• In step [0046] 312 of FIG. 6, the exception table is adjusted. That is, because the indices of the byte codes changed, the values of start_pc, end_pc and handler_pc may need change for existing exception handlers. Each entry in the exception table indicates a range of code in the code array that pertain to the particular exception handler. Because the code indices were shifted, the indices in the exception table must also shift accordingly. If the location of the exception handler code moved in the code array, then handler_pc must also change accordingly. Step 312 can also include adjusting other tables in the class file, as appropriate to the particular implementation.
  • In step [0047] 314, a new entry is added to the exception table. This new entry correlates to the new “finally” block. The new entry has a catch_type of zero, indicating it is for all exceptions. Additionally, the new entry in the exceptions table will be added to the end of the exceptions table. The start_pc and end_pc for the new entry is set to include the original Java byte code for the method being instrumented. The value of the handler_pc for the new entry would point to the new byte code added in step 310.
  • FIG. 7 is a flowchart describing more detail of the process of adding new exit byte code (step [0048] 310 of FIG. 6). In step 402, new code is added to the code array to account for the situation where there is no exception. That is, the original Java method instructions are performed without any exceptions. After the original instructions are performed, the new exception handler code must be executed. The original code is instrumented to include a jump to the byte code for the exception handler corresponding to the “finally” block. In step 404, new byte code is added to the code array that accounts for the situation when there are exceptions. In step 406, the code for the exception handler is added.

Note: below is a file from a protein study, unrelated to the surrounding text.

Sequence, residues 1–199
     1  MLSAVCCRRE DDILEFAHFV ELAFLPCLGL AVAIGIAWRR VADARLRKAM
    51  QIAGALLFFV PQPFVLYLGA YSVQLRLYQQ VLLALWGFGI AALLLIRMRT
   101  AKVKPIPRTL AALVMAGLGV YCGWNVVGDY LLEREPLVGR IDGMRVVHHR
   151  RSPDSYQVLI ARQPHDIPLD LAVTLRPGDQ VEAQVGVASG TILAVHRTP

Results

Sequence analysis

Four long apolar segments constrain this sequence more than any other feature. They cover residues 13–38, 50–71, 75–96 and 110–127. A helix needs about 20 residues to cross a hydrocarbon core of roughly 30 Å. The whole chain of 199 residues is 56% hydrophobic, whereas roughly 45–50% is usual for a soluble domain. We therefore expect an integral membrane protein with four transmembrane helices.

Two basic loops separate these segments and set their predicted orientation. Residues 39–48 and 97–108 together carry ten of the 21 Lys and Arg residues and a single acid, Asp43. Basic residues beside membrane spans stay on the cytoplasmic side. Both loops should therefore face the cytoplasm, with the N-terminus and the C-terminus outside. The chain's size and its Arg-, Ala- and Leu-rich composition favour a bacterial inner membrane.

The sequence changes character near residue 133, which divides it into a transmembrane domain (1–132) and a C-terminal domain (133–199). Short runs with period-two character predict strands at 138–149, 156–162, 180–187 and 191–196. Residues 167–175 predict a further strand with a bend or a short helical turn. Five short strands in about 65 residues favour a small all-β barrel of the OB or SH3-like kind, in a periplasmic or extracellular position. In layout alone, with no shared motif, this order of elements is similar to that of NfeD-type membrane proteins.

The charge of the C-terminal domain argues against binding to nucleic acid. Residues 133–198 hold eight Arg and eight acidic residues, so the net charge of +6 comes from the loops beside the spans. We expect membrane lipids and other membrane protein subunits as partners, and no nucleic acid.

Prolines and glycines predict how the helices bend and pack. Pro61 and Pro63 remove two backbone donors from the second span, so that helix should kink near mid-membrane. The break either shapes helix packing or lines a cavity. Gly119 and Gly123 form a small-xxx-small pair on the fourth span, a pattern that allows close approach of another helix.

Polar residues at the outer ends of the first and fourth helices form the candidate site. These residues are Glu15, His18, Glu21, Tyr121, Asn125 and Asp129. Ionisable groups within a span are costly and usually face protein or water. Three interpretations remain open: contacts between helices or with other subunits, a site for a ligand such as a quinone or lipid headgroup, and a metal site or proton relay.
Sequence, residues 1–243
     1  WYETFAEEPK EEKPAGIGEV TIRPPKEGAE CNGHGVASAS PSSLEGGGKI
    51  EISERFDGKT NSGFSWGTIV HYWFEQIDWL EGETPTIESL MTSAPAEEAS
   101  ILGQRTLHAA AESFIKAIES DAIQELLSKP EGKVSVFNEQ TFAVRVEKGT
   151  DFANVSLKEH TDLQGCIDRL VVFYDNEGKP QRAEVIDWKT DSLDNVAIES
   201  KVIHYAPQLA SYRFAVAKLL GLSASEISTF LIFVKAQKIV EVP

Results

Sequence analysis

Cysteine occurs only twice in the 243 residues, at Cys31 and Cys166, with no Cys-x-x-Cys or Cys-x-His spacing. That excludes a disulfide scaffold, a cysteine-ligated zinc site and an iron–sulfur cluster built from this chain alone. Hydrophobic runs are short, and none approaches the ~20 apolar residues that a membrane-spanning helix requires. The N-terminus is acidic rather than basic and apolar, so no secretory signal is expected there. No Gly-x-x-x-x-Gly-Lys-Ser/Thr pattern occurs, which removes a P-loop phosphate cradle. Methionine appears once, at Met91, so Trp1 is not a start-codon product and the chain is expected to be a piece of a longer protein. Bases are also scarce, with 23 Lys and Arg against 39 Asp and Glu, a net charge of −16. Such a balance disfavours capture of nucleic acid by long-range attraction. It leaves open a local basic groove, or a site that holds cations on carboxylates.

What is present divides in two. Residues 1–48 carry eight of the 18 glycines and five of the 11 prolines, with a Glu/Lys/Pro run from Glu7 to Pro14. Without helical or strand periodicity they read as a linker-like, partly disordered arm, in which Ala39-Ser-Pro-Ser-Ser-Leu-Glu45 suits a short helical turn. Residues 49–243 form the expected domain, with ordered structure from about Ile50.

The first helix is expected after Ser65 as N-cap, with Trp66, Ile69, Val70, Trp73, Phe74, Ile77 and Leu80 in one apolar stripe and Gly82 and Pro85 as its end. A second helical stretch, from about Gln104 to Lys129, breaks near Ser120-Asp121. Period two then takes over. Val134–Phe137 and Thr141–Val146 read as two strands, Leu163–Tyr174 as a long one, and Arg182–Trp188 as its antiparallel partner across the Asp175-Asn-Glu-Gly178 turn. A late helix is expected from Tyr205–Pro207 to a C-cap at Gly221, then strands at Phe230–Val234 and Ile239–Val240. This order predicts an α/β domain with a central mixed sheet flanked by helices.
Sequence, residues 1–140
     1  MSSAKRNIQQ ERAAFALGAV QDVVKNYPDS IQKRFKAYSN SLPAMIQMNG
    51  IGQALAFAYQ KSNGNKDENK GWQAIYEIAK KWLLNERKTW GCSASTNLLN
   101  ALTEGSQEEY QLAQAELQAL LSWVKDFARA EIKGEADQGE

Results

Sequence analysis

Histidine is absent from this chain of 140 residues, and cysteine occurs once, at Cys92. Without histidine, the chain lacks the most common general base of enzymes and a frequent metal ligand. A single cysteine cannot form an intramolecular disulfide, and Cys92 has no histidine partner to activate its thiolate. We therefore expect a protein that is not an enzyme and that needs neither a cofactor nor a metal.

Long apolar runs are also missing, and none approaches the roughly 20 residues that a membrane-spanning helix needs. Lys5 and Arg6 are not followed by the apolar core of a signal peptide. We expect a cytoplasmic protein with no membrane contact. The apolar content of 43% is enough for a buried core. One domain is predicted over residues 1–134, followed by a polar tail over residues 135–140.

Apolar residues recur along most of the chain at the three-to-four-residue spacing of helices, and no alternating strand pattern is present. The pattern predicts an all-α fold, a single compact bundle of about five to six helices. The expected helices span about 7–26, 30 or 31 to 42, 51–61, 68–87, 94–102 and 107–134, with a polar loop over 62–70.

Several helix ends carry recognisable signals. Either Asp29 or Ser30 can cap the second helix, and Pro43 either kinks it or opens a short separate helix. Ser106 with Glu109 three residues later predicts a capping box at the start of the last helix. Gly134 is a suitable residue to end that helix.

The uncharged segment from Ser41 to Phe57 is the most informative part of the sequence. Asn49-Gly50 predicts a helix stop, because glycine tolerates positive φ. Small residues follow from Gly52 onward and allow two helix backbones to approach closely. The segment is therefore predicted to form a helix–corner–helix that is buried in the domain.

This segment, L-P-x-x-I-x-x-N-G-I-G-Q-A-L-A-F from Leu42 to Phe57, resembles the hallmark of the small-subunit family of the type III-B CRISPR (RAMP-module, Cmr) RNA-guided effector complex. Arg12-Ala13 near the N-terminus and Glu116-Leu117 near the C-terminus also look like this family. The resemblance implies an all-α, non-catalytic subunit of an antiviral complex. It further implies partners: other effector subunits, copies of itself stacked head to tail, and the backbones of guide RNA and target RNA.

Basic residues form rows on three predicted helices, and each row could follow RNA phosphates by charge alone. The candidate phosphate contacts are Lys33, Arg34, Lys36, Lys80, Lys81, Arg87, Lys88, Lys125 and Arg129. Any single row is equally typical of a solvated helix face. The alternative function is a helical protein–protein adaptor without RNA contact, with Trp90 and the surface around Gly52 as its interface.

• To better understand the present invention, an example is provided. This example explains one embodiment for performing the present invention. Described above is example pseudo code for “exampleMethod.” Below is the pseudo object code (converted to a human readable form) for exampleMethod (which does not have an exceptions table): [0049]
    Max stack size: 2
    Max local variables: 2
    Code size: 4
     0 iload_1
     1 iconst_1
     2 iadd
     3 ireturn
  • The pseudo object code for exampleMethod includes four instructions. The first instruction (iload_[0050] 1) pushes the parameter x onto the stack. The second instruction (iconst_1) pushes a constant (1) onto the stack. The third instruction (iadd) adds the top two quantities on the stack. The fourth instruction returns whatever is on top of the stack, which in this case is the sum from the previous instruction. The code above is an example of the existing object code that would be an input to code modifier 10. In one example, code modifier 10 modifies this existing object code as follows:
    Max stack size: 9
    Max local variables: 6
    Code size: 48
     0 ldc #42 <String
    “com.wily.introscope.agent.trace.MethodTime”>
    2 aload_0
    3 ldc #56 <String “com.wily.example.ExampleApp”>
    5 ldc #58 <String “exampleMethod”>
    7 ldc #60 <String “name=Example Stat”>
    9 invokestatic #48 <Method